When it comes to movie-making, we’ve been led to believe productions need to spend thousands of dollars on top-of-the-line equipment for a movie to have a shot at being successful. Well, that’s not necessarily true anymore. While most modern movies still use expensive equipment, there are more experimental shooting methods that have started to find success in recent years. Here are some of the non-traditional filming techniques that have gained recognition in recent years:
The movie Unsane, which recently hit theaters, is gaining public attention as it was solely filmed using an iPhone camera. The film follows a young woman who is trying to escape a stalker and ends up questioning her own sanity. This is hardly the first successful film to use the iPhone technique, but the film’s release has people turning their attention to the iPhone as a possible future for film. The film was made using an iPhone 7 camera and was shot over the period of just 10 days.
One movie that’s recognized as pioneering this movement is the 2015 film, Tangerine. This was the first film shot entirely using an iPhone camera, specifically the iPhone 5s. Reportedly, the film had a very tiny budget to work with, but when it premiered in 2015 it received critical acclaim. According to The Verge, James Ransone, an actor in the film, said making a good film isn’t about having the proper equipment, but rather understanding film as a whole. According to Ransone, “You still need to know how editing works. You still need to know how sound works. You still need to know how a camera works. You can’t just go out and shoot. Yes, you can make a beautiful-looking film on a shoestring budget. But you have to know 100 years worth of filmmaking.”
Drones are being used more frequently in film as a way of acquiring unique aerial shots from lower heights than a helicopter could achieve. One film that used this technique was the 2012 film Skyfall, becoming the first James Bond movie to use drones for aerial footage. Flying-Cam Drones were used in the opening shot as James Bond chases a terrorist across a rooftop of the Grand Bazaar on a motorbike.
Another recent film that utilized this technique was the 2014 film The Expendables 3, which used drones to capture high-intensity action sequences. They shot a total of 30 scenes in the film using drones, including the opening sequence. On the subject, Ziv Marom, ZM Interactive’s pilot and owner, said in an interview with The Hollywood Reporter: “We flew right next to a train and helicopter. We shot everything from chasing tanks to explosions to flying over buildings and motorcycle jumps. We can also do shots that a real helicopter can’t do. We can do lower altitudes.”
Other well-known films that used drones to capture significant wide shots include Captain America: Civil War and Jurassic World.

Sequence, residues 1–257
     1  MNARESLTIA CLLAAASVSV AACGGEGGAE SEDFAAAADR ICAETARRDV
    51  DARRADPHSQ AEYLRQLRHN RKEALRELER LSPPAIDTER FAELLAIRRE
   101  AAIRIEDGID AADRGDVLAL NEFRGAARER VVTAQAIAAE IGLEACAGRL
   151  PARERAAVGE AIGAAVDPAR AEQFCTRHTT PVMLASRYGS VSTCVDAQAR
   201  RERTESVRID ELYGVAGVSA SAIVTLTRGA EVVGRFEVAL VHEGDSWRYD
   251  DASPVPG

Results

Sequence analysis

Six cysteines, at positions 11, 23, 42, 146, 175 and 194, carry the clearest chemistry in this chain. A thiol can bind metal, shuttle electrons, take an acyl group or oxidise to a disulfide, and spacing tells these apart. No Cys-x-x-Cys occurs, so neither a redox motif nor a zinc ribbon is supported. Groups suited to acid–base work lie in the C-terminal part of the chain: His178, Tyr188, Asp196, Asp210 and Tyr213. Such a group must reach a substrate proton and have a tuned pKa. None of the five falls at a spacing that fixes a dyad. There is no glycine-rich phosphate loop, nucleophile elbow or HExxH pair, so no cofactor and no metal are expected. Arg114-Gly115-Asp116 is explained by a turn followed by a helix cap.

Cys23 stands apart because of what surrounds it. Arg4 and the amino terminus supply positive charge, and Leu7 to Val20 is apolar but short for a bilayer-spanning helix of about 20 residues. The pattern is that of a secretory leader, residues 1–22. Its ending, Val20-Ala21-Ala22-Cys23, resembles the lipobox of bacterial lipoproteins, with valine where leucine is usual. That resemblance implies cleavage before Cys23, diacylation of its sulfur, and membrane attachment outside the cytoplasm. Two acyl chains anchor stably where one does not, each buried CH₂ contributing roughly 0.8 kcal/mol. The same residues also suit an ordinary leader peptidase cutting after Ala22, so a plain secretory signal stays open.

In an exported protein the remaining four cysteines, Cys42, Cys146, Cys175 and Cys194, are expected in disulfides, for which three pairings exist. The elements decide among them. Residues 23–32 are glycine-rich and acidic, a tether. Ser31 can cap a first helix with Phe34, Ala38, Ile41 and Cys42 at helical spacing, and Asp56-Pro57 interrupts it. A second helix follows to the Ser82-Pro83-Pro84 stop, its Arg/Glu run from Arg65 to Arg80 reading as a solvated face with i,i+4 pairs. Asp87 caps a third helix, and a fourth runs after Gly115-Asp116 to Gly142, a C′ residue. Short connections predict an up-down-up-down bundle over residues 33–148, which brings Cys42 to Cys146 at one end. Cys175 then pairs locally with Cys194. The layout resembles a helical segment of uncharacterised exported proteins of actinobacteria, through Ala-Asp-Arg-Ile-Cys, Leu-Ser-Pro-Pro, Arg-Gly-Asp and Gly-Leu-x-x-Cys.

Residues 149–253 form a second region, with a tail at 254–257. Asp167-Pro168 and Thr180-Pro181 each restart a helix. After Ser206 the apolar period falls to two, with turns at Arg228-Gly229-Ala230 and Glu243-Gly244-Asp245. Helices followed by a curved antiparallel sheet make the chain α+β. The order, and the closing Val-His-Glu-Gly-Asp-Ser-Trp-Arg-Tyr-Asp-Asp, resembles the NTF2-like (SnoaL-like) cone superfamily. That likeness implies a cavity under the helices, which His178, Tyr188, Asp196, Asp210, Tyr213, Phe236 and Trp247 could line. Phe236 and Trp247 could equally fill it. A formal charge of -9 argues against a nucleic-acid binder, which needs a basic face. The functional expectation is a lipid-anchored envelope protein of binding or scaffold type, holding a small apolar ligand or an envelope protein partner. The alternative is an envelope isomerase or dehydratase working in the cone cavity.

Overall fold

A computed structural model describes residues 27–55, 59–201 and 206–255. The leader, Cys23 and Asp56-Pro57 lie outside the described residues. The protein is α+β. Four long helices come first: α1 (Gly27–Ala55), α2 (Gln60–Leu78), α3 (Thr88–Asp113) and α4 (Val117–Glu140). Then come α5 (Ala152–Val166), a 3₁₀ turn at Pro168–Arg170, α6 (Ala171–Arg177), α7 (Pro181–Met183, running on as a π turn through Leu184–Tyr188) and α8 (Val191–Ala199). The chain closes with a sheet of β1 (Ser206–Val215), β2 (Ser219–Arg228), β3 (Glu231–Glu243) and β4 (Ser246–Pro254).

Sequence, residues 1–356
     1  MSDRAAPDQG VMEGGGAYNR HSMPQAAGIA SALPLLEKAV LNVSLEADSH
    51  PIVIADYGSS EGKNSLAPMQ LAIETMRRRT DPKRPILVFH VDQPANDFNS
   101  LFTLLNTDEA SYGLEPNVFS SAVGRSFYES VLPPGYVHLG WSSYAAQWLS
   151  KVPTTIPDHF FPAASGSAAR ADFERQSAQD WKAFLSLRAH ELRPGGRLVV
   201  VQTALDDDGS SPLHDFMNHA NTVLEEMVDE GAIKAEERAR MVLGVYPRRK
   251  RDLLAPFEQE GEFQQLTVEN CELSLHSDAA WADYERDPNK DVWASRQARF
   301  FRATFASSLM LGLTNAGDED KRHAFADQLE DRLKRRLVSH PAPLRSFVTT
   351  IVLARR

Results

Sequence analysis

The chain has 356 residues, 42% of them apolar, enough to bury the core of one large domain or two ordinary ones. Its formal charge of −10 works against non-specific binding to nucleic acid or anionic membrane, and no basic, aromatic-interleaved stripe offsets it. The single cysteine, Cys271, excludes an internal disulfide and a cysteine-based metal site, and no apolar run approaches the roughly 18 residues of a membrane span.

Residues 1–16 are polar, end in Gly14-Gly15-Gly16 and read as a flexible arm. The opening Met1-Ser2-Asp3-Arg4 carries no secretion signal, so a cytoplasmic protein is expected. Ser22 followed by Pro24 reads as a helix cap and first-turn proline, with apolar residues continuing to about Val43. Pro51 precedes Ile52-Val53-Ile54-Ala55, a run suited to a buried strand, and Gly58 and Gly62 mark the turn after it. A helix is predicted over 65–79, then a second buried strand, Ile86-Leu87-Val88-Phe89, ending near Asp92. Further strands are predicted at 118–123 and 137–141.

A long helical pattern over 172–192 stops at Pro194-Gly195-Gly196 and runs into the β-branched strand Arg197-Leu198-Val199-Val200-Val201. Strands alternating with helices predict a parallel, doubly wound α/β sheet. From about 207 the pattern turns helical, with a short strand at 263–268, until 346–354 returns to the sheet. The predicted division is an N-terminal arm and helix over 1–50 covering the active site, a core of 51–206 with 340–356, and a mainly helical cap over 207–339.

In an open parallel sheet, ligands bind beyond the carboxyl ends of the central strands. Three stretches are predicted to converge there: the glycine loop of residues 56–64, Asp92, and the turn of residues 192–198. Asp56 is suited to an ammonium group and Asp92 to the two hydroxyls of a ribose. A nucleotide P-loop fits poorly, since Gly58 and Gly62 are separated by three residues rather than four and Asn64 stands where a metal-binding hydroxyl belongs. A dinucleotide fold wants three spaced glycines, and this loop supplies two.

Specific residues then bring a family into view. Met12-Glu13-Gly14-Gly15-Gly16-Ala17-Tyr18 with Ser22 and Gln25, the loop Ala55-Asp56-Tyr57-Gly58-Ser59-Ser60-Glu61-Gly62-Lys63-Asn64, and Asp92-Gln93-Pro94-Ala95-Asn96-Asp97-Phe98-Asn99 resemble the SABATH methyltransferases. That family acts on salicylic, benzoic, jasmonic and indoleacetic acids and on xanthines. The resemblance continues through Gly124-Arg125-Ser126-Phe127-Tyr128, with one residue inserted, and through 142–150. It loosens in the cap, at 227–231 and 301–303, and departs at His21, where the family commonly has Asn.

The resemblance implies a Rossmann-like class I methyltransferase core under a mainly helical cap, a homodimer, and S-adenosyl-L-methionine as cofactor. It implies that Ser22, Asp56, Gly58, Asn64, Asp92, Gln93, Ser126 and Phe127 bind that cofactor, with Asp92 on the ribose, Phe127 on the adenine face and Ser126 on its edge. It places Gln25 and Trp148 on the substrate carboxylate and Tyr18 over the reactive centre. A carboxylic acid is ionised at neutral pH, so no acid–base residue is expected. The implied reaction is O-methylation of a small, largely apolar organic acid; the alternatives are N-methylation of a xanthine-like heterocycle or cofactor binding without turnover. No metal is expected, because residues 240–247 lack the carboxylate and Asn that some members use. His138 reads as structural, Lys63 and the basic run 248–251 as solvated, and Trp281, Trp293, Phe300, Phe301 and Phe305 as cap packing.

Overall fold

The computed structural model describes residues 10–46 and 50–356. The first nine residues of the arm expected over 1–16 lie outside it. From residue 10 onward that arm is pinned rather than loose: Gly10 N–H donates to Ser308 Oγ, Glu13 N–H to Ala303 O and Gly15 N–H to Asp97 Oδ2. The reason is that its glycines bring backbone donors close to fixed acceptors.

One of the more interesting films that was made using exclusively GoPros is the documentary Leviathan. It is interesting, in part, because this wasn’t actually a deliberate choice, but rather an accident. The filmmakers Lucien Castaing-Taylor and Verene Paravel originally set out on a sea voyage with the intent make a niche documentary about life on a fishing vessel. What they didn’t account for was all of their equipment being swept overboard shortly after they set sail.
In an attempt to salvage their project, each of the crew members strapped on a GoPro camera. They also strapped GoPros to everything from the fishing equipment to actual fish. The downside to this was that they couldn’t see what they were recording, so there was the risk that they’d spend all this time at sea and come home without any valuable footage. The film they ended up with was a chilling first person perspective that included a brush with death, violent sea sickness, and even one of the filmmakers being hospitalized.
Documentaries aren’t the only films that have adopted the GoPro style. The 2015 movie The Martian starring Matt Damon used a total of 28 GoPro Cameras on set, to get several different angles. There’s also the movie Hardcore Henry, the world’s first action movie solely filmed using a GoPro. The plot begins with a man waking up in a Moscow laboratory and learning he’s been brought back to life as a half-human, half-robot hybrid. The GoPro style filming lets the viewer experience this action thriller as Henry, rather than through Henry. Though the film didn’t receive critical acclaim, it was well-received by the public as 93% of Google users liked the movie.
All in all, this movement is causing a big change in the movie industry- hopefully for the better. These new filming methods give people who may not otherwise have the means the ability to create beautiful works of art. So movie on over, big shots. The little guys can go pro, too.